3 ways to be part of smart transportation

Rachel Eckert Rachel Eckert, SLED consultant

Transportation is increasingly becoming more connected as part of ongoing smart cities/states initiatives. States are connecting transit and working on multi-modal systems to facilitate easier and quicker commutes that efficiently move people and goods throughout a region.

This requires a great deal of data, compelling state and local governments to look to the private sector to develop technology that can collect, store, analyze and visualize that data. This information can then be turned into things like mobile applications that allow users to purchase tickets for buses and other transit through one streamlined application.

Here are three ways state and local governments could be utilizing this data:

  1. Improving roadway efficiency: Utilizing sensors already installed along roadways, state and local governments will be looking to IT companies for advice on the best ways to funnel as much traffic through their existing infrastructure as possible. How can lane configurations be used to their advantage? Can one-way streets increase traffic mobility? Localities will need analytics technology to make these decisions.
  2. Merging transportation systems: Connecting transportation is more than just connecting us to the system, it also includes linking the transportation networks to themselves. No more can train systems run independently of bus systems; they need to be integrated. States and regions are working collaboratively to build multi-modal transportation systems that allow users to see all available regional transportation options. This type of connection is predicated on data sharing. State and local governments can benefit from a cloud-based infrastructure that allows them to share data seamlessly without the complicated back-end infrastructure.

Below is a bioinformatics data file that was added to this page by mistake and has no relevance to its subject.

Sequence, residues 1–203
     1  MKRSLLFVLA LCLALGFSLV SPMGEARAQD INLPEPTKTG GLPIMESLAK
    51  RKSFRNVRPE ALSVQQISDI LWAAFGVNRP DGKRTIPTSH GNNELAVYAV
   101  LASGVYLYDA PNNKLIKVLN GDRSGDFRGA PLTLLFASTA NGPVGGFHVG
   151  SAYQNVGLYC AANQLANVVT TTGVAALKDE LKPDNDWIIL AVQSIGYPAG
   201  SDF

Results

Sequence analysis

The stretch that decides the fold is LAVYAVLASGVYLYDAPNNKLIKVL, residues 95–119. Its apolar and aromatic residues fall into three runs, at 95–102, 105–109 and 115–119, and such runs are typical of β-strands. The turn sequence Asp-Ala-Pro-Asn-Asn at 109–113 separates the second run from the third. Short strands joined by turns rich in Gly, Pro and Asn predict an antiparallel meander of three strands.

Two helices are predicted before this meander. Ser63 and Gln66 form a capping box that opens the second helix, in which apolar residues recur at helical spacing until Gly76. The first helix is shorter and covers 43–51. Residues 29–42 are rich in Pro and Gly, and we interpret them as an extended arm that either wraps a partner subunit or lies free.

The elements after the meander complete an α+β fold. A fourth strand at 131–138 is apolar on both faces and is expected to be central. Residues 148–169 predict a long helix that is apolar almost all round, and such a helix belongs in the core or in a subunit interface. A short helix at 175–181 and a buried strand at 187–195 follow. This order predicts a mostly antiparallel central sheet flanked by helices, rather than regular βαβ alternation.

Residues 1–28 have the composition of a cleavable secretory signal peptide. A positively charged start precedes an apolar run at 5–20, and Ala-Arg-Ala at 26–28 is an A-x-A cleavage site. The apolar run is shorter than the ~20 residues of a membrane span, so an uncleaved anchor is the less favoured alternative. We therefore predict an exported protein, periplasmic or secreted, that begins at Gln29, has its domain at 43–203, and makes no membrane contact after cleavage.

3. Integrating connected or autonomous vehicles: There are many collaborative efforts underway to develop and refine connected and autonomous technology for our cars and roadways. These efforts are making great strides and with autonomous vehicles expected to comprise nearly 20 percent of cars in less than 25 years, many experts argue there isn’t enough being done to secure the technology. How will sensors in cars and on roadways avoid cyberattacks? The private sector will need to share its expertise on the proper cybersecurity protocols and technologies.

State and local governments are changing the way they approach their transportation infrastructure from a segmented collection of roads, trains and transit to an integrated, multi-modal approach that takes a holistic view. To hear more about the impact of technology and data and state and local transportation, view my new on-demand webinar “Tech Paving the Way for Smarter Transportation.”

Need help identifying the right state and local government data analytics decision makers? Contact immixGroup’s Market Intelligence team to learn about specific programs and contacts that have a pressing need for your IT solution.

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